By Florence M. Teagarden, Ph.D. Price, $3.25. Pp. 641, with 8 illustrations and 11 tables. New York: Prentice-Hall, Inc., 1940.
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This book was written for professional laymen—social workers, teachers, nurses and clinicians, who are professional workers in their own fields but laymen in other fields. For years the author has been engaged in clinical psychologic service for children and has taught child psychology. She now writes this textbook, which is designed to acquaint workers with normal children and to prepare them for understanding and helping abnormal children.
A social worker finds here a brief but lucid explanation of the principles of heredity against which he can check his knowledge of the subject. The chapter on "The Child and His Home" includes a discussion on the "good" and the "bad" qualities of a home. This discussion would be helpful to a worker who had to decide whether a child should remain in his own home or be placed in a foster home. In spite of dire poverty and ill health, a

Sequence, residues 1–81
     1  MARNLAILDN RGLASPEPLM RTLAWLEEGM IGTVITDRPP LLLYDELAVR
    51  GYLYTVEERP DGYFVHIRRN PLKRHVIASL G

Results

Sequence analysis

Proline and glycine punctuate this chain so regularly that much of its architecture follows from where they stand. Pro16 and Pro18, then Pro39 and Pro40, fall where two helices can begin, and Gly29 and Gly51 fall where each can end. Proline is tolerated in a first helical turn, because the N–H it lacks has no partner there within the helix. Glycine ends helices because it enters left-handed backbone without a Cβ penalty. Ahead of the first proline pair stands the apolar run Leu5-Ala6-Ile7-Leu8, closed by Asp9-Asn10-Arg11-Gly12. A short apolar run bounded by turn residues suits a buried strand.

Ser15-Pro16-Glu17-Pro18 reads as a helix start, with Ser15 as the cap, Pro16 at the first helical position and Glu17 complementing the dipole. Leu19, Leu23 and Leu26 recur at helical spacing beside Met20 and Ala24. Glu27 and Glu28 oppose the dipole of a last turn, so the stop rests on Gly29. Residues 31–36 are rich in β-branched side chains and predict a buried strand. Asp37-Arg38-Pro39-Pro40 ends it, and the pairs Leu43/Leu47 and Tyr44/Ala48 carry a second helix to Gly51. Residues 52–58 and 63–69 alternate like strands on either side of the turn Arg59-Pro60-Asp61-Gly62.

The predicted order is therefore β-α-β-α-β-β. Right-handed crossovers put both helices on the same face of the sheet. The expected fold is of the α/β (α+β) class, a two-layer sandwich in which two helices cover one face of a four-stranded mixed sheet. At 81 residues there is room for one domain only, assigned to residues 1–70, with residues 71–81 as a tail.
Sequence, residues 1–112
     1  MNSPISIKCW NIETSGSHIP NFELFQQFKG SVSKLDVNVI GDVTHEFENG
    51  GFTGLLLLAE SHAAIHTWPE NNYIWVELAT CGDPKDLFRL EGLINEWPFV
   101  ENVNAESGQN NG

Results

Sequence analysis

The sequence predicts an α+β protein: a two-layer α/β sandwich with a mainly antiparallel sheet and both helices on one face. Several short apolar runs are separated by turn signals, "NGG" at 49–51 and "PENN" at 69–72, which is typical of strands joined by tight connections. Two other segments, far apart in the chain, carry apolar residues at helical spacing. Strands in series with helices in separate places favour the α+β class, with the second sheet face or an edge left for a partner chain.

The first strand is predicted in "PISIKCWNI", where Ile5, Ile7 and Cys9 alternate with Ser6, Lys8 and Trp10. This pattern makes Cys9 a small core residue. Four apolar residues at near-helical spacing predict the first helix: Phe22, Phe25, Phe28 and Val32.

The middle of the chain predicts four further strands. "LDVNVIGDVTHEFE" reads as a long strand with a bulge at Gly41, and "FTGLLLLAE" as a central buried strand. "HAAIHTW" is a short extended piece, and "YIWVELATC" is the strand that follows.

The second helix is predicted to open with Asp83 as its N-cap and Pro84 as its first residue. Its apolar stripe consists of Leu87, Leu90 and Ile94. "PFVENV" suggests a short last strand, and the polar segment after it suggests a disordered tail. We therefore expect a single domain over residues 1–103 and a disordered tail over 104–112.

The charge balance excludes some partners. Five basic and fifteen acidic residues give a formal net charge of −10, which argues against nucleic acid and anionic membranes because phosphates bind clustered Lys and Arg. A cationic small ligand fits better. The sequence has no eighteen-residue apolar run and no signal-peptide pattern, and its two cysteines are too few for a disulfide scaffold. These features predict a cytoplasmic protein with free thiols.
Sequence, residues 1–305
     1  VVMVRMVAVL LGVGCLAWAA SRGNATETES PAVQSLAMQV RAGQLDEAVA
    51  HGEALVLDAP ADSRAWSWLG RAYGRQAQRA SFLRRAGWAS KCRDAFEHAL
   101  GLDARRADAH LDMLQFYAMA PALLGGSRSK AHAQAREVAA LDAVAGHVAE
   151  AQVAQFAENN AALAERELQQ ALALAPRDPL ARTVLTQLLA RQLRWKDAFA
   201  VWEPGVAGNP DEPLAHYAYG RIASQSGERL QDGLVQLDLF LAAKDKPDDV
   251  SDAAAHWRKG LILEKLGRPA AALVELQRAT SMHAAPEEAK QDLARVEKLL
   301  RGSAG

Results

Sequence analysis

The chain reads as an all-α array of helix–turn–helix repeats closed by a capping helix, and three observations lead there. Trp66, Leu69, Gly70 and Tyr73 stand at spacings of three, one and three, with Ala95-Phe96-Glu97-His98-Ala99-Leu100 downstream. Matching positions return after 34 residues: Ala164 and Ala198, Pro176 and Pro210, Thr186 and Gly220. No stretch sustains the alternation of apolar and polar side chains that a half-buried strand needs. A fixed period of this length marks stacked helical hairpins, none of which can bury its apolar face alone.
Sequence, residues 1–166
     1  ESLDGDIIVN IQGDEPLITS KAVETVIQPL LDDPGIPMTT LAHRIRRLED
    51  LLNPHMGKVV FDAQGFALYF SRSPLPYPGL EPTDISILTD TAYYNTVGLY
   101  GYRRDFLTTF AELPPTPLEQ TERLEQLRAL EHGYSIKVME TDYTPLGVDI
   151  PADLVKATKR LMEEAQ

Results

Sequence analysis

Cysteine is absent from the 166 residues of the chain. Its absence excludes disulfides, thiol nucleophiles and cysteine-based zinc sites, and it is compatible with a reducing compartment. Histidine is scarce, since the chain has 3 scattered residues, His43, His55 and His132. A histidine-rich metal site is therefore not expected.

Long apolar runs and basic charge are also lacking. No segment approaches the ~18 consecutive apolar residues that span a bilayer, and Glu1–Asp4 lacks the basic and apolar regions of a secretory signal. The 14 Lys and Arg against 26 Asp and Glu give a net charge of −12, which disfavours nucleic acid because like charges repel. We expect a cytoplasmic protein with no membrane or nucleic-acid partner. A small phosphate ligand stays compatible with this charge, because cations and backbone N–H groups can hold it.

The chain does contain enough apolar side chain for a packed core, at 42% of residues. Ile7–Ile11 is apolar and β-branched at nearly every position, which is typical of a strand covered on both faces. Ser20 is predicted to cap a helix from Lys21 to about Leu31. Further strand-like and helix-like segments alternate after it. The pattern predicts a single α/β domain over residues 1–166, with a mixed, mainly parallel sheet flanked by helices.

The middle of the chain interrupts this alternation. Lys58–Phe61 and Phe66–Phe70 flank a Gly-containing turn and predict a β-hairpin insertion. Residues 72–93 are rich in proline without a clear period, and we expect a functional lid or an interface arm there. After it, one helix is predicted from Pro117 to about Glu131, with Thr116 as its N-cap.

Child Psychology for Professional Workers.. Am J Dis Child. 1940;60(5):1233-1234. doi:10.1001/archpedi.1940.02000050217020